But back to foodpreneurs – obviously a favorite topic! Yesterday we hit two farmers markets – one very small, one quite large – both fun destinations with uniquely wonderful local goods. New Market, VA was our first stop where we picked up Cabin Creek Roasters coffee; corn relish and other goods from our Shenandoah Farms friends; baked yummies and even locally produced eco laundry and dish detergent. One of our favorite finds was this recycled, repurposed bag – we didn’t meet the woman who makes them but simple, pure, purposeful, entrepreneurial genius.

Then on to Harrisonburg – the farmers’ market was abuzz with activity. Between the two stops, we picked up our groceries for the week. Sprite melon (ever tried these cute little guys? – they’re wonderful), cantaloupe, elderberries, tomatoes, basil, arugula, baby purple potatoes, mini eggplant, garlic, rainbow radishes, Firefly Garlic Fire hot sauce (their tagline: “It will light your a.. up!”), A Bowl of Good stuffed bread, shitake mushrooms, bi-color corn. All grown and produced locally – some picked just that morning. We tried to purchase a little something from each of the stands as all had so much to offer. Focus is always on the unique, heirloom, unrecognizable – we encourage you to try something new from your farmers market every week – it encourages the farmers to diversify and grow things you’ll never find in the supermarket. Move over Monsanto!

Shopping wasn’t limited to healthy fantastic foods, however – I wasn’t able to resist Staunton artist Carmen Rose’s handcrafted art glass earrings, especially after meeting Carmen. The story behind the ingenious recycled puzzle piece earrings she had on display – “I woke up one morning with this great new idea to make earrings using puzzle pieces! Later I was looking on etsy and – it had already been done”. She tweaked her organic vision and made her own take on them. I’ll be picking up a pair of those on our next trip.

Want to support your locals? Let’s spread the word. Who are some of your favorites?

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Cancer Fighting Powerhouse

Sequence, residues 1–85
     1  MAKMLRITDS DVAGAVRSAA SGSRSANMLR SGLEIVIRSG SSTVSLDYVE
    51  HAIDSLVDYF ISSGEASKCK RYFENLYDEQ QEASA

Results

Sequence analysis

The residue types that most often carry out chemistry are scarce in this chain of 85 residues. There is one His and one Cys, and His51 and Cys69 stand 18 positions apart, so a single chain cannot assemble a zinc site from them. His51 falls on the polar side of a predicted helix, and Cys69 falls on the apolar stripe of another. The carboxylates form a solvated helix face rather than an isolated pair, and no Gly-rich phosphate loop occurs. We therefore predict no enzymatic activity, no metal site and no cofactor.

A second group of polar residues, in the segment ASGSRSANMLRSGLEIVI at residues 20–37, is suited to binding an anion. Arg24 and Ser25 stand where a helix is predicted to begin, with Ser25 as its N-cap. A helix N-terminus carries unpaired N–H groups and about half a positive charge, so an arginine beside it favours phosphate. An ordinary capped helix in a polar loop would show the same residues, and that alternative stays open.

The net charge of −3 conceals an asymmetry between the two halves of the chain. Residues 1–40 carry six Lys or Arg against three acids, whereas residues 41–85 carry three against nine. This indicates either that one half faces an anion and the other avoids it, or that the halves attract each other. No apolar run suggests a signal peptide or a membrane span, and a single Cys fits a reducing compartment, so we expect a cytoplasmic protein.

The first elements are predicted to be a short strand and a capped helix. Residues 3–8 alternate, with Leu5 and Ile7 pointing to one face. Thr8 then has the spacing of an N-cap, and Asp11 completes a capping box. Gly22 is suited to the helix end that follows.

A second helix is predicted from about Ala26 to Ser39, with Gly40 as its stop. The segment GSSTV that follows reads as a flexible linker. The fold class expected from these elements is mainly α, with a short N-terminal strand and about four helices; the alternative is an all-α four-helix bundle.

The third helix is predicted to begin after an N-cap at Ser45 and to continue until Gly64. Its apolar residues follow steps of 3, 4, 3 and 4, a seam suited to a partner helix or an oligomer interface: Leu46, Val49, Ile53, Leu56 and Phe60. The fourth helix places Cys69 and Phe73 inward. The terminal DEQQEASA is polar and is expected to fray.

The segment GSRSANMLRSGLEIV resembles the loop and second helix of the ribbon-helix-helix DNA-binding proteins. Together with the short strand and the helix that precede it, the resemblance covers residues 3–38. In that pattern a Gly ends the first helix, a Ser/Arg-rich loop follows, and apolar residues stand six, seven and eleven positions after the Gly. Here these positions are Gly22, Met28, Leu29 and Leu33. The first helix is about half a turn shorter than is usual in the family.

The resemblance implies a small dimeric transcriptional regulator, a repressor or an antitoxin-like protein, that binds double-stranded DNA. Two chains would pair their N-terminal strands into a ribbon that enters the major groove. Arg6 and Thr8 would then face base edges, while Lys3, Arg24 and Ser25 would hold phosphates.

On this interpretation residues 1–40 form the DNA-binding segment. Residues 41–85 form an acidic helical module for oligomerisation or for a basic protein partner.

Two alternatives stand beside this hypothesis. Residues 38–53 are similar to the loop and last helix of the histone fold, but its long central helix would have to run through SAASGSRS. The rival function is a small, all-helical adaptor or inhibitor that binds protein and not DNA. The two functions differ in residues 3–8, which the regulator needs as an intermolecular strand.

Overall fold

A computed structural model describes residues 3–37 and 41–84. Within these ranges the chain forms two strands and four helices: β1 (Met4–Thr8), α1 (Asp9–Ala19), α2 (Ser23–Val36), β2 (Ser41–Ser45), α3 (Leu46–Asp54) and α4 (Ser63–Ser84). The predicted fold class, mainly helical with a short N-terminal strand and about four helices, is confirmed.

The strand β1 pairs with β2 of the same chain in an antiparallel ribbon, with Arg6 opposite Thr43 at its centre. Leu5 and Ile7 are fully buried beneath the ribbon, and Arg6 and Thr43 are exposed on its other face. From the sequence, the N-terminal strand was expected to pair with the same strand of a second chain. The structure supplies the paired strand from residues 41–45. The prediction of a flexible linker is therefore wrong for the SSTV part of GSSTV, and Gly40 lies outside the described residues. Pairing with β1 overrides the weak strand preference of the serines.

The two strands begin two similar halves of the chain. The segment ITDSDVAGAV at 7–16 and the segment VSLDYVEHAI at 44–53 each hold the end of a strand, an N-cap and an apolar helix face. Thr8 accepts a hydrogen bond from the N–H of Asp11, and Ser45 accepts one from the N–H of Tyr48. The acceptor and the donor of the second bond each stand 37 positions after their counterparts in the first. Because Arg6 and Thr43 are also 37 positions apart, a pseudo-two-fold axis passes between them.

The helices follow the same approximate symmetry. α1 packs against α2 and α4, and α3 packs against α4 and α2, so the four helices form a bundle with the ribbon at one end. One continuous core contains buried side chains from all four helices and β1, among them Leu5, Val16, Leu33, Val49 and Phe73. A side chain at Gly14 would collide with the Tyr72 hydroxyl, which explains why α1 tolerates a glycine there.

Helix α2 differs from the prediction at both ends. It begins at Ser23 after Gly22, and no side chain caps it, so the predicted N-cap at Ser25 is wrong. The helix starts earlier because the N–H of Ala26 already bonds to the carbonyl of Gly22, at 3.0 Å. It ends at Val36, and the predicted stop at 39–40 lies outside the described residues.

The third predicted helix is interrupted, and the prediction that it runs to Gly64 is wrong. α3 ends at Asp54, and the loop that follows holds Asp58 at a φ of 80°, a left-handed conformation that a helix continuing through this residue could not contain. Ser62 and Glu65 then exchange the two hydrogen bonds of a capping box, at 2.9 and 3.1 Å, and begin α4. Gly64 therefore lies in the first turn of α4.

This post is written by Mike Peterson, Farm Manager at Mount Vernon Farm.

Mike Peterson of Mount Vernon Farm


Lamb seems to be one of the most misunderstood and under-appreciated meats that I have worked with in my career in kitchens as well as raising them at Mount Vernon. We often get customers into the farm store who say they strongly dislike conventional lamb – the taste, smell, and texture. The common response I give is “Have you tried our lamb?” or “What was the lamb fed and how was it raised? Faces go blank and the “I don’t know, does it matter?” question is the answer. Grain fed lamb has an oily and mealy texture and the taste can often times be off-putting. When grain is introduced as a feed to a lamb or sheep, much like it will to a cow, it disrupts the delicate balance of the rumen. The rumen is the 4 compartment stomach of the lamb designed to eat and digest grass. Not only will over-indulgence on this sweet ‘candy’ make the animal sick, but it also imparts negative health factors into the meat that we and our four legged friends consume. When the rumen becomes upset, antibiotics are introduced into animal feed to keep the animals alive long enough to go to market.

Corn, soybean meal, and cottonseed meal (all common ingredients in conventional livestock feed) are very high in omega 6 fatty acids. Omega 6 and Omega 3 fatty acids are considered essential fats for the body and we all need them from external sources because our bodies cannot manufacture them. High levels of omega 6 fatty acids are known contributors of coronary disease, high blood pressure, diabetes, etc. Coincidentally nature has provided us with a resource to combat these lethal doses of omega 6 fatty acids. The Omega 3 fatty acid comes through our systems and balances issues that the omega 6 has blocked in our systems; they are known to prevent and treat coronary disease, hypertension, hyperactivity, attention deficit disorder, diabetes, cancer, arthritis, and other autoimmune disorders, too. Imagine all of this and you don’t need to take a single pill!

Photo of Mount Vernon Farm courtesy of MjM Photography http://www.mjmphotography.biz/